A joint research team from the National Time Service Centre (NTSC) of the Chinese Academy of Sciences (CAS) and the Curtin University conducted a study on the influences of Low Earth orbit (LEO) augmentation on the precise point positioning---real-time kinematic (PPP-RTK) positioning and its integrity monitoring. They found that the convergence of the formal positioning precision and its protection levels in the horizontal direction can be significantly shortened.
The study was published in remote sensing.
LEO augmentation has been frequently discussed to improve positioning performance. Its benefits in the integrity monitoring (IM) of the positional results, which find more and more applications nowadays in the safety-related applications like the intelligent transports systems, were less discussed , said by Prof. WANG Kan from the NTSC.
Using 1 Hz simulated data from networks of different scales around Beijing for global positioning system (GPS)/Galileo/Beidou navigation satellite system (BDS) and the planned LEO constellation of CentiSpace with 150 satellites on L1/L5, scientists found that the convergence of the formal horizontal precision can be significantly shortened in the ambiguity-float case, especially for the single-constellation scenarios with low precision of the interpolated ionospheric delays.
In addition to the positioning itself, scientists proposed an IM strategy for multi-constellation PPP-RTK positioning based on global navigation satellite system (GNSS) signals. Based on this strategy, the ambiguity-float horizontal protection levels (HPLs) are sharply reduced in various tested scenarios when augmented with LEO satellites, i.e., with an improvement of more than 60% in the ambiguity-float scenario from 5 to 30 min after the processing start.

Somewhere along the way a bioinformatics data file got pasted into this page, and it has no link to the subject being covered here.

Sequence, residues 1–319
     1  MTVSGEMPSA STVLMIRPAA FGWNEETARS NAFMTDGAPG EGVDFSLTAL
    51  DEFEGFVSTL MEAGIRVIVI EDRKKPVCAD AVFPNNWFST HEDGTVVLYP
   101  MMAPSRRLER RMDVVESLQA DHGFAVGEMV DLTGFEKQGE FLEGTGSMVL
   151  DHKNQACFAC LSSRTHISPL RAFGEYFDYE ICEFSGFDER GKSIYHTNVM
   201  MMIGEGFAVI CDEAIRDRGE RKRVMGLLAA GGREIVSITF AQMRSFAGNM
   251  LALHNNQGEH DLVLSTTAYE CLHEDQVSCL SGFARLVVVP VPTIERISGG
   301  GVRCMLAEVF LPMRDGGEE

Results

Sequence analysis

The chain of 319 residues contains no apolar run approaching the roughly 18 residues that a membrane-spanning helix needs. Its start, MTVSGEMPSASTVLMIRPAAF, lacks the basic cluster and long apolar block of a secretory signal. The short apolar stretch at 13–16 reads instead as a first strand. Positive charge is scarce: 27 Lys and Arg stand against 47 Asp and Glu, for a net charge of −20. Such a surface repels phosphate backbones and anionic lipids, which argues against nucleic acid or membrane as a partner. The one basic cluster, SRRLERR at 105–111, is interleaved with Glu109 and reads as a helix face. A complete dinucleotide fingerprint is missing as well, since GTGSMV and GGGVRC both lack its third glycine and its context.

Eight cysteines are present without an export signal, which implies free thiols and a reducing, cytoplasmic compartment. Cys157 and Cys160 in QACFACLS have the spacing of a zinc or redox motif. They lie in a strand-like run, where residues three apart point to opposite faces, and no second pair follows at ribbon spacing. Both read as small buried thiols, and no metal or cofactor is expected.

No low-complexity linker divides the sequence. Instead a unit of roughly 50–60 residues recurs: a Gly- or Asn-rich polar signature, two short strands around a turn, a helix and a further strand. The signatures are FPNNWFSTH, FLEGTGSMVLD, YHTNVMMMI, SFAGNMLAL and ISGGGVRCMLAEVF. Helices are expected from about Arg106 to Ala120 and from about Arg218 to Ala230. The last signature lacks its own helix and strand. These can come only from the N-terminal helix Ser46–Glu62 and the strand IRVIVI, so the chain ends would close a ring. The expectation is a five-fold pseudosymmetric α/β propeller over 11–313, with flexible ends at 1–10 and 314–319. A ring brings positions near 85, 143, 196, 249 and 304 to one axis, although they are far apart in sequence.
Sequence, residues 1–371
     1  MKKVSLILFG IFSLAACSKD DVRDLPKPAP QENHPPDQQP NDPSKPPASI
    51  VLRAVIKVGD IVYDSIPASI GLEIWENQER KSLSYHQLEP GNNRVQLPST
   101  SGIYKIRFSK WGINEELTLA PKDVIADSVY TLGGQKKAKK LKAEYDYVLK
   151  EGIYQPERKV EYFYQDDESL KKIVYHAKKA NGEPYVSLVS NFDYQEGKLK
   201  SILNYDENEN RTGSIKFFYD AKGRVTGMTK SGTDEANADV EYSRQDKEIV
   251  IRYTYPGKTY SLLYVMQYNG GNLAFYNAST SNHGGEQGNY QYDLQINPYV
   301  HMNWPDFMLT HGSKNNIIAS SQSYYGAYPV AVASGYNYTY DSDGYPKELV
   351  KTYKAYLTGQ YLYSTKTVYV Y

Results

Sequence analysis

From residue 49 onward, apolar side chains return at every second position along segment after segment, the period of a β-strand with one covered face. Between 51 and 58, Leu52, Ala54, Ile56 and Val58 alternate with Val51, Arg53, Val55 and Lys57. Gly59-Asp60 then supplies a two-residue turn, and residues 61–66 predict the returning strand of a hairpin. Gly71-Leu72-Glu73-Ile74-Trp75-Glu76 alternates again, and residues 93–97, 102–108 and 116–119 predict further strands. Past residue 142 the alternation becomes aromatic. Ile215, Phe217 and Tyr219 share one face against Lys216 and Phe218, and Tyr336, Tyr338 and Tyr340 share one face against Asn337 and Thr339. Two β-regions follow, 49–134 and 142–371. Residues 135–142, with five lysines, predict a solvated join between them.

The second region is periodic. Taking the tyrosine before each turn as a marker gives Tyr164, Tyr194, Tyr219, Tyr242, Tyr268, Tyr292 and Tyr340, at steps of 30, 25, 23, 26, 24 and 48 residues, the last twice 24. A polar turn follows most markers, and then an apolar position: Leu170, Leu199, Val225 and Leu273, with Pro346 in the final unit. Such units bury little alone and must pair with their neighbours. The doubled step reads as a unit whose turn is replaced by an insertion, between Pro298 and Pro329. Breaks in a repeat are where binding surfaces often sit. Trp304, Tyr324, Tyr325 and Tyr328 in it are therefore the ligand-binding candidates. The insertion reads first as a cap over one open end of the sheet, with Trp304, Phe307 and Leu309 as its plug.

The study benefits the GNSS community in two aspects. It first proposed a general IM strategy for the PPP-RTK positioning. Different from the classical IM strategy like the ARAIM, the IM strategy proposed for PPP-RTK considers at one side the bias propagation of, e.g., the multipath effects, within the filter. On the other side, it was designed to consider the ionospheric interpolation errors that are related to both the ionospheric activity and the network scale, which could be an essential factor disturbing the PPP-RTK positioning results and its integrity.
As for the second aspect, the contribution reveals the importance of LEO augmentation to the PPP-RTK positioning and its integrity. With the rapid geometry change brought by the LEO satellites, the convergence time of both the positional results and their protection levels are expected to be reduced.
In the future, the group will further look into the benefits of the LEO-augmentation on the PPP-RTK positioning, especially for those with large-scale networks that are not able to enable the integer ambiguity resolution (IAR) within a short period. LEO-augmentation, hopefully, would help with the fast convergence and the IAR, which may partially replace the function of the missing ionospheric corrections in large-scale networks.
Nation Time Service Center, CAS